When I was preparing for my Bar Mitzvah, my dad asked me to consider who I might like to speak at the service—as you prepare for an entry into adulthood, he asked, are there role models for you beyond your family, folks who you look up to, or want to learn from? I thought of two close family friends, Reverend Daniel Buford of the Allen Temple Baptist Church in Oakland, and Marc Rappaport, a graphic designer and artist, and member of our havurah with whom we had monthly Shabbat dinners. Both, I think, were surprised to be invited, and both offered wise words of encouragement to me at the event.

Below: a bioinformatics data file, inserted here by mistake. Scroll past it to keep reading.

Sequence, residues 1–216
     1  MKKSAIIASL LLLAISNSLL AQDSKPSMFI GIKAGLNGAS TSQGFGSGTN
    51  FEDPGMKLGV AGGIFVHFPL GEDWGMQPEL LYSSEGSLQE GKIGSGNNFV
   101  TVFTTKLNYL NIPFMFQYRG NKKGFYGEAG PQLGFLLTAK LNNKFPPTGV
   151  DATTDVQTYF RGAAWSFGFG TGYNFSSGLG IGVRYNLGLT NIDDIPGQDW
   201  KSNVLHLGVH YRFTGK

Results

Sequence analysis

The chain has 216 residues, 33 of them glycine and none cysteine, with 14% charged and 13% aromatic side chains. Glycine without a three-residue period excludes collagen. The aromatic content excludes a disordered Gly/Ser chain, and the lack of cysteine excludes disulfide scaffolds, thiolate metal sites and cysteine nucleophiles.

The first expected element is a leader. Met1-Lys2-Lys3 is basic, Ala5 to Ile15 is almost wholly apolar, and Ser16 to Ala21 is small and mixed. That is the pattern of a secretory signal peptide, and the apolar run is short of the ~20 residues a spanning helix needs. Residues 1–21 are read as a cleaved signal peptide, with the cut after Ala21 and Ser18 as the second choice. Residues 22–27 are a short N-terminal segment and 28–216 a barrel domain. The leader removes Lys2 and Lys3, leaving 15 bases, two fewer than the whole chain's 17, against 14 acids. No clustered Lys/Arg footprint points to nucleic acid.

I was thinking of Marc in particular this morning, as I sat down to write this piece for Hashavua. This week’s Torah portion contains one of the most famous of all Bible stories, Noah’s Ark. As the story goes, Noah was alone in his generation in being a righteous person, and so God decides to hit the reset button on humanity, and sends a flood to wipe out all living things, with the exception of those creatures who made it two-by-two to the floating zoo. At the end, God promises to never again wipe out humanity and the living things of the earth—or never again by flood, at least—and points to a rainbow in the clouds as evidence of that covenant, an agreement scribed in light.